Integrated Project Delivery ("IPD")/Owner’s Expectation Not Lawyers Are The Biggest Hurdles To IPD

The Monday, March 7, 2011, Daily Journal of Commerce carried the following front page headline: “Integrated Delivery Raises Questions about Contracts/A Local Architect said one of the biggest hurdles in the using Integrated Project Delivery is lawyers.”

The lawyer reference was attributable to Jay Halleran of NBBJ. Mr. Halleran is a highly competent architect with a wealth of experience in Integrated Project Delivery (“IPD”). Our firm also has significant experience in the IPD procurement process. We can state from first hand experience that although lawyers may deserve criticism for many things, they are generally not the hurdle to IPD. Instead, the major impediment to IPD we encounter is the owner’s unwillingness to accept the risk of full participation in design and construction of the project which is a fundamental tenet in the IPD process.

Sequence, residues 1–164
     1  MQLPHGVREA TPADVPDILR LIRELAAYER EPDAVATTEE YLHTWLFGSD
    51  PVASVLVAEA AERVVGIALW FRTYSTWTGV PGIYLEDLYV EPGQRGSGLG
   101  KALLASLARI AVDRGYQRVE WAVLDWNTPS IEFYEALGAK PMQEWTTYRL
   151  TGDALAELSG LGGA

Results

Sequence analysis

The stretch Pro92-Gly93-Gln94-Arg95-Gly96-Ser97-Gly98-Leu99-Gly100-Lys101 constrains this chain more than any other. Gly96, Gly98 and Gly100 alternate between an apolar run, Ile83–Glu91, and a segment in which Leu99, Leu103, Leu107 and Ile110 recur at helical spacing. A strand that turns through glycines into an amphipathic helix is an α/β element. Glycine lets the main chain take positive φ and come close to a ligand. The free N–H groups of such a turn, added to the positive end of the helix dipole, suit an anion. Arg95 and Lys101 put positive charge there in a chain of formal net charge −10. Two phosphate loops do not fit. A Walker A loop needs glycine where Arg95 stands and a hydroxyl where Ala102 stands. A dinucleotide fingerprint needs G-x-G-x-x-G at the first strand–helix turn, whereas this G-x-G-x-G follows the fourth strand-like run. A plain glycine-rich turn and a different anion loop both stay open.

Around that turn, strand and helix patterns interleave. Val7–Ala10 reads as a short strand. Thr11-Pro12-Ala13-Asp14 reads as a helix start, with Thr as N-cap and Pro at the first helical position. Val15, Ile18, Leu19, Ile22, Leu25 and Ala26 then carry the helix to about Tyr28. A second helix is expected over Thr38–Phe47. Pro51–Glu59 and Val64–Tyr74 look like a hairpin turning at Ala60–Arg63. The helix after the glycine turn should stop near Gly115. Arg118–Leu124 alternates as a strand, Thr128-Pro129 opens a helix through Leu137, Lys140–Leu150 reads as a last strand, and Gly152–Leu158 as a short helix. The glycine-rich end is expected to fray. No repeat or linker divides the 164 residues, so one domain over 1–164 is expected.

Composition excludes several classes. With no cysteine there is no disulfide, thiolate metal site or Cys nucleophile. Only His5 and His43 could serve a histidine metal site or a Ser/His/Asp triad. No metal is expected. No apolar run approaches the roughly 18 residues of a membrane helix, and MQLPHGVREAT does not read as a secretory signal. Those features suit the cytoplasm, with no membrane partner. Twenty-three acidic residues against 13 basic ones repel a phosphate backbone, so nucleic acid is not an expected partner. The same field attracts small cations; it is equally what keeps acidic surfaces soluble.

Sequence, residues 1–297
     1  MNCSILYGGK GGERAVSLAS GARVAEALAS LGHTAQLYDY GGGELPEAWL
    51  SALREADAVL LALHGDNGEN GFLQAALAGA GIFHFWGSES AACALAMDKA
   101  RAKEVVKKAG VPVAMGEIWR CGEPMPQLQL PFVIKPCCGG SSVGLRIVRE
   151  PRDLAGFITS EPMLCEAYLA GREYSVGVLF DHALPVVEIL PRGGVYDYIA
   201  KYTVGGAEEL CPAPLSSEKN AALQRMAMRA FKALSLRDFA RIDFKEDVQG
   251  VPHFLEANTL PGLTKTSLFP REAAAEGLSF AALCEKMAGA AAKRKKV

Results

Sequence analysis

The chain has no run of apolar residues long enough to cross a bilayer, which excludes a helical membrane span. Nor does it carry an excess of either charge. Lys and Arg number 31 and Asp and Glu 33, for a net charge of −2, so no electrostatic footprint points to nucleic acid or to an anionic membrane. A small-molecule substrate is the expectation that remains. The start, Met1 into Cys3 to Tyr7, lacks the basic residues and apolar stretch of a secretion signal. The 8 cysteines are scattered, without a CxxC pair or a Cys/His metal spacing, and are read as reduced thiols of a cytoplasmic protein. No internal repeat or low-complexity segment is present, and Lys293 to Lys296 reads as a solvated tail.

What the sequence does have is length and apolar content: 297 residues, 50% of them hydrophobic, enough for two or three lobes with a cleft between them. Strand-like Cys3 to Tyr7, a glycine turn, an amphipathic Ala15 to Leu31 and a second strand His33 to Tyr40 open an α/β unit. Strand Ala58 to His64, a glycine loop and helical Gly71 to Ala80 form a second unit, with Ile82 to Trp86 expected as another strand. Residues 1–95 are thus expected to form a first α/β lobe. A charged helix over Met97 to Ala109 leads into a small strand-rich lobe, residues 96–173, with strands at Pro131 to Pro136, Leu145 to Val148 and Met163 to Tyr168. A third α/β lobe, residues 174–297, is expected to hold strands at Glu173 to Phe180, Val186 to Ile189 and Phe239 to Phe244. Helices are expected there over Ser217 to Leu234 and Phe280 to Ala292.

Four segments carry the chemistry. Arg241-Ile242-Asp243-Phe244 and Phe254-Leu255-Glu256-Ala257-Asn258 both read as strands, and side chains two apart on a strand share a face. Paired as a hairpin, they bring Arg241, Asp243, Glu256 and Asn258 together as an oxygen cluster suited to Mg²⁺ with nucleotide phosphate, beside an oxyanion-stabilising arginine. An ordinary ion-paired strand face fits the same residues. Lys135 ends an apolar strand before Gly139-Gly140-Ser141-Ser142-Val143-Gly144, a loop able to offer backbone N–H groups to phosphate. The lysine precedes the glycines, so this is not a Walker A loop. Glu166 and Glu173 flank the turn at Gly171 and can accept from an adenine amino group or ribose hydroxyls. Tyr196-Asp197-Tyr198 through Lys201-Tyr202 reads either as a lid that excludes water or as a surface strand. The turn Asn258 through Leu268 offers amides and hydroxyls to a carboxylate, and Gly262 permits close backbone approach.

(1) IPD Explained:

IPD grew out of “lean” construction which was first implemented in the Toyota Manufacturing processes. The “lean” construction approach is now generally termed “integrated delivery” which involves a three party agreement among the owner, architect and contractor. Integrated delivery requires more than merely a three party agreement. A non-exclusive list of features includes early involvement of design consultants, the contractor and key trade contractors in preconstruction; utilization of technology like modeling (using a single, shared model) during the design phase by the designer as well as the contractor and key trade contractors to create a three dimensional model for routing and conflict elimination; and “relational” contracting principles such as trust and confidence between the design team, construction team, and owner team to collaborate and cooperate with each other to further the interests of the Project. An example of language reflecting this unique relationship follows: